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By WU YONG and YUAN HUI in Hohhot | China Daily | Updated:2017-07-25 08:14Anna Barysheva loves her job promoting Russian food to Chinese customers after living in the country for 13 years.
The 28-year-old Russian graduated from Sun Yat-sen University in Guangzhou, Guangdong province, with an MBA and is now the general manager at the newly established FRC International Trading Ltd company.
Based in Shanghai, the retailer imports Russian food through the border city of Manzhouli in the Inner Mongolia autonomous region.
“I thought there was a promising market to explore after seeing the boom in Russian chocolates, bread and soda in Northeast China,” Barysheva said.
FRC was set-up by a group of Russian businessmen and employs dozens of workers.
The retailer has yet to release detailed financial figures, but the target is to hit sales worth $200 million in the next three years and stock up to 2,000 products.
Key to the companys success has been Manzhouli, which runs along the border between China and Russia.
The city has become a major trading hub between the two countries with food products and beverages flowing in.
In the neighboring free trade zone, hundreds of stalls provide products such as Russian flour, sunflower seed oil, chocolates and honey.
Indeed, data from the Chinese Customs revealed that the worlds second largest economy bought food and beverage goods worth more than $1.13 billion from Russia last year.
This was an increase of 22 percent compared to 2015 as China became the largest foreign buyer of Russian food.
A favorable ruble and yuan exchange rate also made Russian delicacies relatively cheap.
“Russian food is high quality but costs less compared with European products,” said Cheng Xiaoman, a Shenyang housewife.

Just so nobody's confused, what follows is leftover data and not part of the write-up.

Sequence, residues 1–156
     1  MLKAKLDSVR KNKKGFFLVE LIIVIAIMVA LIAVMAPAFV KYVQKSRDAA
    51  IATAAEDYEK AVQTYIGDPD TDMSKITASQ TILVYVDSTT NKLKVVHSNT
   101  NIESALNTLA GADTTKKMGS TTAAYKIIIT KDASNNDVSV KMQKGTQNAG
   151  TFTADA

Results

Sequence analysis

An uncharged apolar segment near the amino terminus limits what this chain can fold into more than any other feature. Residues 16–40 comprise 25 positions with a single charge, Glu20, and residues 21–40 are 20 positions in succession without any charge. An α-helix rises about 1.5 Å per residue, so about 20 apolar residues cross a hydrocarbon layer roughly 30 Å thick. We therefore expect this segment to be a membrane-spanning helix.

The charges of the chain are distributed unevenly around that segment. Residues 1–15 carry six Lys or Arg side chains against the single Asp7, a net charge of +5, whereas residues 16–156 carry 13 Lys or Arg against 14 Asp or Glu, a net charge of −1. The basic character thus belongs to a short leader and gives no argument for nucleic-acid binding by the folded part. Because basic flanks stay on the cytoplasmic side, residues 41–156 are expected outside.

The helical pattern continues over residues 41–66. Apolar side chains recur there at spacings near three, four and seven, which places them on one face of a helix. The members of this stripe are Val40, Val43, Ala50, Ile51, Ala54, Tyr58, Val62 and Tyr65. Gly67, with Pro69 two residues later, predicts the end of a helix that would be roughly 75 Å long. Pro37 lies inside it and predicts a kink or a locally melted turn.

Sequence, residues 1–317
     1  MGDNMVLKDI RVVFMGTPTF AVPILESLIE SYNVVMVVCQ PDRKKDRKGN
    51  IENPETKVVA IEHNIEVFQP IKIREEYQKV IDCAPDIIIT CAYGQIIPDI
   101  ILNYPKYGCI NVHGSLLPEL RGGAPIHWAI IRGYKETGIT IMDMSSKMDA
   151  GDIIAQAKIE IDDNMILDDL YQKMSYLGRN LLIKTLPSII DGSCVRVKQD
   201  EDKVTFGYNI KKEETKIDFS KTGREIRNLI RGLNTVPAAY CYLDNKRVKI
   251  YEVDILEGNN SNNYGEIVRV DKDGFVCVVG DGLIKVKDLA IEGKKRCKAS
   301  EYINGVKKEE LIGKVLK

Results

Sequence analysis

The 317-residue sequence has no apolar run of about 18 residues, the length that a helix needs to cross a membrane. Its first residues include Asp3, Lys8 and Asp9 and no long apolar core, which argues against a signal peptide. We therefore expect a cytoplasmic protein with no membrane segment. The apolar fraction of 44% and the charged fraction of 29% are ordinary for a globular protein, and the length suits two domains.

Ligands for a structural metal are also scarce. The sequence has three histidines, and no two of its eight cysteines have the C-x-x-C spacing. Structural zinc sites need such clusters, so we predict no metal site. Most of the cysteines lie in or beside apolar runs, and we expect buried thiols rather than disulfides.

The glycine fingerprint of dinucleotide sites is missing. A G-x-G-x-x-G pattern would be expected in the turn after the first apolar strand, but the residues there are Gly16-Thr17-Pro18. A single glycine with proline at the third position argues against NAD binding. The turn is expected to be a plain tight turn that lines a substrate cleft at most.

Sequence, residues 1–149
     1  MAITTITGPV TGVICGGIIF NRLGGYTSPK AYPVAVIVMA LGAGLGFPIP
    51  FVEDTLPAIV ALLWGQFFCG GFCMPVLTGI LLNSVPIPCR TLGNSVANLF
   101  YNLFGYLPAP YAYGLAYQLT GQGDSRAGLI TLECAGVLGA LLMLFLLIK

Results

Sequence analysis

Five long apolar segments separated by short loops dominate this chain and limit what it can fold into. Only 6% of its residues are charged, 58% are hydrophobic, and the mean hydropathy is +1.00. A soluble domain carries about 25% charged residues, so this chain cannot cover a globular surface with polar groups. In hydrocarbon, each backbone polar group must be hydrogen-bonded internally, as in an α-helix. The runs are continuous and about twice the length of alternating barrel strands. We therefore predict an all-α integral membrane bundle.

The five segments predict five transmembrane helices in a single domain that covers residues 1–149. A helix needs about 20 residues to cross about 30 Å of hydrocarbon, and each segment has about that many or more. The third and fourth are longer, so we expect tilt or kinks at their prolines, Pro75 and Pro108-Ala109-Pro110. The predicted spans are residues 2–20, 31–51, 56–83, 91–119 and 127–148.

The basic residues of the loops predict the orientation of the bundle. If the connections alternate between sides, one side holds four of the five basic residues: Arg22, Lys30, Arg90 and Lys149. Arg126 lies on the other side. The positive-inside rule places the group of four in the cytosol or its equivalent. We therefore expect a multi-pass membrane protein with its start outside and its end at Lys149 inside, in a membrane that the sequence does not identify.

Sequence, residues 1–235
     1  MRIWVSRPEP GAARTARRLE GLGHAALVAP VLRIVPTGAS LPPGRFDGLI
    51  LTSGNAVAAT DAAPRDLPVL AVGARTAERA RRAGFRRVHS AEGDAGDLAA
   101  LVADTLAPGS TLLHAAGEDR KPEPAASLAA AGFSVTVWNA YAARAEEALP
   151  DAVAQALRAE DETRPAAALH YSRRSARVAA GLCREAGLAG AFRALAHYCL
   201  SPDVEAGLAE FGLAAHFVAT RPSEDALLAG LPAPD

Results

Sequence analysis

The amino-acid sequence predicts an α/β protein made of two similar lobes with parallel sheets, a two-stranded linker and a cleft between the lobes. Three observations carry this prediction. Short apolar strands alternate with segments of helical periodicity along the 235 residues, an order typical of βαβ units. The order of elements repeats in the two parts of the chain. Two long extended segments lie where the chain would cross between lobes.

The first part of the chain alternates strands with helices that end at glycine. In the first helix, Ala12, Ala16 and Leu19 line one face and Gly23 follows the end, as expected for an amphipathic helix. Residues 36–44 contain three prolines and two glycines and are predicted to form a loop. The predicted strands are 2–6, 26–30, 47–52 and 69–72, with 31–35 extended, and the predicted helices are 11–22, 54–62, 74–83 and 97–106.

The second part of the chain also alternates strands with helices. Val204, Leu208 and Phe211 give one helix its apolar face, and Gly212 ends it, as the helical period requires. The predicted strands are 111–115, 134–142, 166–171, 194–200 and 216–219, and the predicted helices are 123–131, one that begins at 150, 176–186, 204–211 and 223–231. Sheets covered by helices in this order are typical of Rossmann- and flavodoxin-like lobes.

She bought a box of Tiramisu cakes last winter and has just ordered chocolates and sugar.
Popular shopping items are corn flakes, sandwich waffles, sunflower seeds, jams and baby food, according to Barysheva at FRC
“The key challenge is to set up sales channels and increase market share now,” she said.
Apart from the competitive ruble, close cooperation between China and Russia has provided a boost to the food sector.
In March, a trade agreement opened the door for Russian agricultural produce, while the Belt and Road Initiative is likely to expand imports in the future.
As for Barysheva at FRC, she has set up an e-commerce platform, Open Russian Doll, to cater for more customers and clients online.
“This will help boost sales and bring down logistics costs,” she said, adding that she hopes to wheel out her own brands in the future.
Steven Ding, sales manager at FRC, is just as bullish about the companys long-term prospects after signing up more than 25 large supermarkets.
“North China is more familiar with Russia food,” he said. “And there is still big growth in the south.
“We expect more consumers will choose our products in the future,” Ding added.
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